Arsenal and Celtic tapped into the Asian market this summer by signing Japanese internationals Takehiro Tomiyasu and Kyogo Furuhashi respectively.
Sadly, signing Asian players has been subject to a silly myth over the years.
Many fans have a long-held belief that Asian players are only signed for commercial reasons.
Historic cases like Junichi Inamoto to Arsenal or even Dong Fangzhou to Manchester United left fans believing that players from Japan, South Korea and China would be signed, drive shirt sales and then never be utilised.
Of course, there have been successes over the years. Shunsuke Nakamura was a hero at Celtic amd Park Ji-sung was a trusted player under Sir Alex Ferguson.
Yet almost every time a player from Asia heads to Britain, the same line gets rolled out; that the club in question are looking to maximise their growth into a market.
One player who really started to dispel this myth in British football is Son Heung-min. Tottenham Hotspur pounced to sign him in 2015, and the move was met with the usual marketing idea.
Son has proven that he is much, much more than a marketing ploy though. He has become one of the Premier League’s top players and one of the most dangerous forwards in Europe.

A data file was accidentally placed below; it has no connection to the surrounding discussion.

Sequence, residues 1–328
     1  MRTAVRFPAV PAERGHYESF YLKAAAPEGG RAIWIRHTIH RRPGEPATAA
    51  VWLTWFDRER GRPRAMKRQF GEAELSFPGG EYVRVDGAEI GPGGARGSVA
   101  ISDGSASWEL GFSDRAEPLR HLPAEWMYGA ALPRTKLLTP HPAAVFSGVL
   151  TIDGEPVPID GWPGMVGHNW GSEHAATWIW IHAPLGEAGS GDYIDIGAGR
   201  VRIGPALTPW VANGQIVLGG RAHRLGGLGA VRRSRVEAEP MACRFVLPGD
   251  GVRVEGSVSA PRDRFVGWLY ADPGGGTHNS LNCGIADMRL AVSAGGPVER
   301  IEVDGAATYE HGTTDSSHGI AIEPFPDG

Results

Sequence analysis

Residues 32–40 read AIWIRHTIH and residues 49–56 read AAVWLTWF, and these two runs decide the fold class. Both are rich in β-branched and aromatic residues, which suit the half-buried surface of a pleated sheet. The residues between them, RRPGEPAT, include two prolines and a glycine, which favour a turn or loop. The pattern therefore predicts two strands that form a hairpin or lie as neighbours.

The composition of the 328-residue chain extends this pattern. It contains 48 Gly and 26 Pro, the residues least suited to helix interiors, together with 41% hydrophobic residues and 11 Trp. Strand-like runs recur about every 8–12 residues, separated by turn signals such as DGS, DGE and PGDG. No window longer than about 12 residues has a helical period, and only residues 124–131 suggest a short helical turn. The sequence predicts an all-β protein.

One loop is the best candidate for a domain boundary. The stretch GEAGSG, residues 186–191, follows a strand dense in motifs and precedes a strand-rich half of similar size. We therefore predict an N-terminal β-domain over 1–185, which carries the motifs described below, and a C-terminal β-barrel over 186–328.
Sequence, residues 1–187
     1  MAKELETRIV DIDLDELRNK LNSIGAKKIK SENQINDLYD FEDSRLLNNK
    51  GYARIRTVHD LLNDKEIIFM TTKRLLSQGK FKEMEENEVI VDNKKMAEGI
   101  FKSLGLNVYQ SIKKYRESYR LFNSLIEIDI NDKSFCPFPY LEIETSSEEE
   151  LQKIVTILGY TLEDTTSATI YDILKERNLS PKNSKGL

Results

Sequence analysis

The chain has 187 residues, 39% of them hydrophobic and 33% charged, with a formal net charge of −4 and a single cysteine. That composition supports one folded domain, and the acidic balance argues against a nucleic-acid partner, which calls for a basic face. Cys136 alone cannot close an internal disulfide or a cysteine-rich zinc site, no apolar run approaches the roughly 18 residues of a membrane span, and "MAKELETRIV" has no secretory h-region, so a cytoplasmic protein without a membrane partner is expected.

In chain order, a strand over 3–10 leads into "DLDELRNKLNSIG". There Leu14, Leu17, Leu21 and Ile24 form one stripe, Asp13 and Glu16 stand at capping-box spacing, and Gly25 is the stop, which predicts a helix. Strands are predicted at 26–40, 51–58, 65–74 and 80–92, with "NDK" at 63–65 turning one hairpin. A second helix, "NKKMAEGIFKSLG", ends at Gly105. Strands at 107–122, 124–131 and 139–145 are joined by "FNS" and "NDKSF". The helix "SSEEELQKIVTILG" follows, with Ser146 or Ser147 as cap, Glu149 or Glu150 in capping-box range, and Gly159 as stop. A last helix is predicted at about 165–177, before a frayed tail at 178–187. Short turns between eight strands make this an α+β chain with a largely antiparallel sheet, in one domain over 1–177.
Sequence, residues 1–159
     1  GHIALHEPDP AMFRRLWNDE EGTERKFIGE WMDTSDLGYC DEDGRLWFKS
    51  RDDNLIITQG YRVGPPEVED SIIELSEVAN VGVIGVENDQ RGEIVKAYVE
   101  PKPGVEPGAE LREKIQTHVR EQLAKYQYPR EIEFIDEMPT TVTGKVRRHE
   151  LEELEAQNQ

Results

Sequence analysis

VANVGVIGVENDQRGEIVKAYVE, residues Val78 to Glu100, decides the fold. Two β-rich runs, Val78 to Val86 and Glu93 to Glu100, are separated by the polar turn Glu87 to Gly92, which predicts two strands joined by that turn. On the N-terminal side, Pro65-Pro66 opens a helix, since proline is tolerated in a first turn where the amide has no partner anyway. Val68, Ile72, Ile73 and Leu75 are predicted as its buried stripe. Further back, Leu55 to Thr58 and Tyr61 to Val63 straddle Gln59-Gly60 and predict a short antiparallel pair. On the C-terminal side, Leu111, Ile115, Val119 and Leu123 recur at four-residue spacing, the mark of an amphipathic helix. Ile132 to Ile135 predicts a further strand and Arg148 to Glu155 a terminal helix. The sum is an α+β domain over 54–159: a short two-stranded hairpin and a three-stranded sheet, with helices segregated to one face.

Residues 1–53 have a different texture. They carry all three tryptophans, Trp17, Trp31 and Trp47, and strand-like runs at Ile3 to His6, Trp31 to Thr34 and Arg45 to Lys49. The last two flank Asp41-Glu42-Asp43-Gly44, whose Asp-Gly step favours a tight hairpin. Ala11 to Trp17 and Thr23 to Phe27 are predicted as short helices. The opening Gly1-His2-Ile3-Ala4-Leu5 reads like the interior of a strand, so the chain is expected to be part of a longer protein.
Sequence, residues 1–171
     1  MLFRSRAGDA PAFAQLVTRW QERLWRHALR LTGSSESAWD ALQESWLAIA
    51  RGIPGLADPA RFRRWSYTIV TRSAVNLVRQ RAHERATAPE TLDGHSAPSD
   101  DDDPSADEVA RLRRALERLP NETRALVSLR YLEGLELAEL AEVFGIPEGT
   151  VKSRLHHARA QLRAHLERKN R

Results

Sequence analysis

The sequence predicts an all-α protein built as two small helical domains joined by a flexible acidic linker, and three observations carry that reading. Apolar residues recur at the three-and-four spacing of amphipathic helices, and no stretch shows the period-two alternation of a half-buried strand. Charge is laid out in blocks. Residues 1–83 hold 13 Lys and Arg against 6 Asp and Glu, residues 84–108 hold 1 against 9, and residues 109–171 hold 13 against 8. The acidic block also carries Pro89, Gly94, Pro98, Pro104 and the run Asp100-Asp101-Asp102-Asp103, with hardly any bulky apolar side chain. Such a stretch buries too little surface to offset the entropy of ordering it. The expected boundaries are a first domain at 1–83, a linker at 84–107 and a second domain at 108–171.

Finding another Son isn’t easy, but his impact in England – along with Park’s at Manchester United – leaves other Asian players with dreams of stardom at the highest level that maybe hadn’t been offered in the past.
Two Japanese internationals have come over to Britain this summer.
Celtic landed Kyogo Furuhashi from Vissel Kobe. New boss Ange Postecoglou managed in Japan with Yokohama F. Marinos, and tapped into the market to bring Kyogo to Scotland.
In just nine games for Celtic, Kyogo already has seven goals and one assist.
Yes, Celtic have benefited from Kyogo’s popularity in Japan. They are opening an online Japanese store to cope with the fanfare around him.
But the real reason Kyogo is driving shirt sales at home and in Scotland is because he’s a very good player.
He has given Celtic a major goal threat and has proven that he is more than good enough to play in Scotland and Europe rather than just driving sales.
As for Tomiyasu, he enjoyed a great debut for Arsenal.
Tomiyasu only joined Arsenal on deadline day and immediately helped Arsenal claim their first league clean sheet of the season.
Brilliant in the air, two footed and versatile, Tomiyasu has made a strong start at right back.
Both players are popular in Japan, but that’s the case for many players abroad. Asian players are met with this marking myth far more regularly than players from any other region.
It may take a while for fans to stop thinking that players are solely signed for marketing.
Yet in Tomiyasu and Kyogo, the Japanese stars are quickly proving that they’ve been signed for their ability – anything extra is just a bonus.